Australia’s first female Prime Minister, seen through their eyes, has a “striking head of hair”, “incredibly beautiful skin”, eyes that manage to be simultaneously “squinty” and “big and distinctively shaped”, “chubby cheeks” with “pronounced cheekbones” and a mouth that “sits small and low” above “a small chin that tucks into an incredibly long neck”. Not even her earlobes escape attention.
And who else but an artist would notice that the new PM has “a reasonably ample bottom in relation to her head”?
But there is one facial feature in particular about which they all rhapsodise: Gillard’s “pointy”, “assertive”, “wonderful” nose. A nose, as Leak puts it, “that looks like you could chop wood with it”.
Fiona Katauskas, freelance cartoonist and producer of the Talking Pictures segment on the ABC’s Insiders, says Gillard’s nose is a defining feature that artists can utilise to express her character, just as the jutting lower-lip of former PM John Howard came to represent his determination, or obstinacy.
“I will take a punt and say Gillard’s nose will become the equivalent of Howard’s lip,” she says.

What’s interesting about all this is that, unlike most of the discussion of Clark and Harman’s appearance, it is robust but not unkind. Gillard’s relatively warm reception is being put down to her status as Australia’s first female PM, and I think there’s some legitimacy to that view; a genuine preparedness to “give her a go” tinged by a fear that bagging her too early would come off as sexist. We’ll see how long that persists, and how long her distinctiveness — of appearance, manner, and political character — is portrayed as quirky and endearing rather than bizarre and threatening.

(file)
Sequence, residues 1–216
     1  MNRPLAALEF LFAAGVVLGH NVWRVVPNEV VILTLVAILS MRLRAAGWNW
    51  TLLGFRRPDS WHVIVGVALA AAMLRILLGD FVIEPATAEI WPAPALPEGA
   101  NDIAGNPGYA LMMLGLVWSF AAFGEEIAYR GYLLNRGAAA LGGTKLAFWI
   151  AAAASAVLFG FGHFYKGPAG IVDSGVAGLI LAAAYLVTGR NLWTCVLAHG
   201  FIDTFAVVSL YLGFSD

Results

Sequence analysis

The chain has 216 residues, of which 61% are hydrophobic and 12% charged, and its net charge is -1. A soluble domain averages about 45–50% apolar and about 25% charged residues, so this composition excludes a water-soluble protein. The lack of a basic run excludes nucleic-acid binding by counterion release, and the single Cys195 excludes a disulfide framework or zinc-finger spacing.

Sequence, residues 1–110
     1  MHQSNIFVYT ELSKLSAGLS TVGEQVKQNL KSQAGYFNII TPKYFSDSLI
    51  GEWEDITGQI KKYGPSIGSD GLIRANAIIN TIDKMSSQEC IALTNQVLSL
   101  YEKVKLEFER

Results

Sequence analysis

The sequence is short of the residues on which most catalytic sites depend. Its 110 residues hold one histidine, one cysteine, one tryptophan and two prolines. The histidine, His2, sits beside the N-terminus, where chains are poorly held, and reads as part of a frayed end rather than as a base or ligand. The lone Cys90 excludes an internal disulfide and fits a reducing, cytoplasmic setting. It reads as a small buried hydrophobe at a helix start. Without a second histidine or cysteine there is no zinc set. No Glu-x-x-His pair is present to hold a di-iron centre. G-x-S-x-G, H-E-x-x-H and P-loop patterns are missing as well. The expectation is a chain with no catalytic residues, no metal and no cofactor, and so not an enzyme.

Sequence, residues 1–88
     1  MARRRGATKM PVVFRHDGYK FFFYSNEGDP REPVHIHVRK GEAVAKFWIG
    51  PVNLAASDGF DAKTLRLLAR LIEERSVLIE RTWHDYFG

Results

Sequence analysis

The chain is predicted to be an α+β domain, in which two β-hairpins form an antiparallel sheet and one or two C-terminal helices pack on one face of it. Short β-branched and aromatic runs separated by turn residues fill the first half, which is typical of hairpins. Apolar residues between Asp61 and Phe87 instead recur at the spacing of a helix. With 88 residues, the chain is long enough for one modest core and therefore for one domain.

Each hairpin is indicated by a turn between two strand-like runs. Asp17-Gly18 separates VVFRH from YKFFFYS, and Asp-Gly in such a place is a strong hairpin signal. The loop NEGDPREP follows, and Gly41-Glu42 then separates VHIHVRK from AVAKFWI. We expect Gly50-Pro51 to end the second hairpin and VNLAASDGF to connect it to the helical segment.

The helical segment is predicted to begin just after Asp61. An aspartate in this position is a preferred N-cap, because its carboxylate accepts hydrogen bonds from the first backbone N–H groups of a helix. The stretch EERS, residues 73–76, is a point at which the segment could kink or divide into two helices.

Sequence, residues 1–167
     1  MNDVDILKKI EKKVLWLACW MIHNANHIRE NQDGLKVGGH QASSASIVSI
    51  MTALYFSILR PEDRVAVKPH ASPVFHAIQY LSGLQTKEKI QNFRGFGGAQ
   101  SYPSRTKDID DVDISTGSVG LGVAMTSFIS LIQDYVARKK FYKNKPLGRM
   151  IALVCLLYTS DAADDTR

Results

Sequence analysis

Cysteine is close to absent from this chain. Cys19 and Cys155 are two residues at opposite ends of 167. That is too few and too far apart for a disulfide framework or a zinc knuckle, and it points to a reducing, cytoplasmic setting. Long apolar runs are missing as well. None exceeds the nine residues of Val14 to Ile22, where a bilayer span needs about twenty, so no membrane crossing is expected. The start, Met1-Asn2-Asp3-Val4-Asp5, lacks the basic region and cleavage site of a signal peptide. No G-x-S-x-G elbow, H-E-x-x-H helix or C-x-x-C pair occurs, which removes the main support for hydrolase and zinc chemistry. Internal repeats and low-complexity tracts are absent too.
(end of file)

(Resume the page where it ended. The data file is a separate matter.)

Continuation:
L

I do believe it's not butterA few weeks ago, Gordon Campbell wrote an excellent fisk of the Media Biz 09 conference advertising bumpf. This morning on Mediawatch (from 06:30) Colin Peacock covered the issue in characteristic depth, interviewing the conference organiser and two of its luminary speakers, the ones who would “share the secrets of getting your message across positively”, help delegates “get inside the minds of the men whose leadership shapes what the viewing audiences see” and enable them to “get your story to the top of the pile”. Three wise and grizzled industry heads, when questioned by Peacock, emphasised two things; first, that the marketing material was breathless over-hyped bullshit, and second, there were in fact no secrets to impart: